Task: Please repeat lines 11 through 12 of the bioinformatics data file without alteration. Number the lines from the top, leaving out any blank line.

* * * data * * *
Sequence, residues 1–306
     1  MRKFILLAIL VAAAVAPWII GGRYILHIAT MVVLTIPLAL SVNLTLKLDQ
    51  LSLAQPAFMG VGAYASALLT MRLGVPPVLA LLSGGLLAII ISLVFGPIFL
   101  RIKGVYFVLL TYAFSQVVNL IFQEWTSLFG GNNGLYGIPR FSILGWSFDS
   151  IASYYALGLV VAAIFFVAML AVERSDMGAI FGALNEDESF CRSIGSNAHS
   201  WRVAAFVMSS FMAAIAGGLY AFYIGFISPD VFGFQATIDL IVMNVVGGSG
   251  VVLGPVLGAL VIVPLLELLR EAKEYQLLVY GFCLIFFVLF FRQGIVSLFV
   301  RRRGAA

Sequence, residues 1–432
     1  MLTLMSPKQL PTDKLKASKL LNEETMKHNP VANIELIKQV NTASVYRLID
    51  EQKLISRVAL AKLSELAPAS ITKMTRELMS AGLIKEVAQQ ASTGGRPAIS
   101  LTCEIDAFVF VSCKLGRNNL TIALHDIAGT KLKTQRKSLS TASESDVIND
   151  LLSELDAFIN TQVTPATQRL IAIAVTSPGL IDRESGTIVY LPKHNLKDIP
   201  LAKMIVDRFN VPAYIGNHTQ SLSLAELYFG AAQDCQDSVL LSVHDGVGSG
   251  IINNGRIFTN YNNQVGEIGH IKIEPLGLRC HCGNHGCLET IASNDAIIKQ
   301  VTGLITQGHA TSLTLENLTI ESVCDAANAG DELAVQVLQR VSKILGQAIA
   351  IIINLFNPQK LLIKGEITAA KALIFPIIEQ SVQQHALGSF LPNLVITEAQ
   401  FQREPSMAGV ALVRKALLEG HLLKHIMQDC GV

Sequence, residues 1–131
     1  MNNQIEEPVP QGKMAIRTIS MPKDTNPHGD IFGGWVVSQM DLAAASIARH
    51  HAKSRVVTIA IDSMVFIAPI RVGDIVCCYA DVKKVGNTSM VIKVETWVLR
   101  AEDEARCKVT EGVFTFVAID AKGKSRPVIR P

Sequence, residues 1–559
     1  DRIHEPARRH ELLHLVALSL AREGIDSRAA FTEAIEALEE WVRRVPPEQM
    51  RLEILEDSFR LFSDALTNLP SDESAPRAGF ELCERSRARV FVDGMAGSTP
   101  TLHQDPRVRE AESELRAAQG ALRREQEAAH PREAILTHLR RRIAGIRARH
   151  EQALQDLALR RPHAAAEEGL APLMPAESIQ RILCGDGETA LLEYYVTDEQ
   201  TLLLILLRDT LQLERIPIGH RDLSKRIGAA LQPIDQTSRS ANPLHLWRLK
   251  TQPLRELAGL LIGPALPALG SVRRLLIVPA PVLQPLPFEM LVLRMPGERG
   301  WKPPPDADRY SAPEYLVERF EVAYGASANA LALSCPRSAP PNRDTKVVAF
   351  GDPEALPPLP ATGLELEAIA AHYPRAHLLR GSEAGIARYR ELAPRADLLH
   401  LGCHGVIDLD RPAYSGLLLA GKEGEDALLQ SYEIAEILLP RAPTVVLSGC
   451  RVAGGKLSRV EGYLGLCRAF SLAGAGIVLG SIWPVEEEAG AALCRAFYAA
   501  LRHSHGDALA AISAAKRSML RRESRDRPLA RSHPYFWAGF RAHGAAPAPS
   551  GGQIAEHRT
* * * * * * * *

    51  EQKLISRVAL AKLSELAPAS ITKMTRELMS AGLIKEVAQQ ASTGGRPAIS
   101  LTCEIDAFVF VSCKLGRNNL TIALHDIAGT KLKTQRKSLS TASESDVIND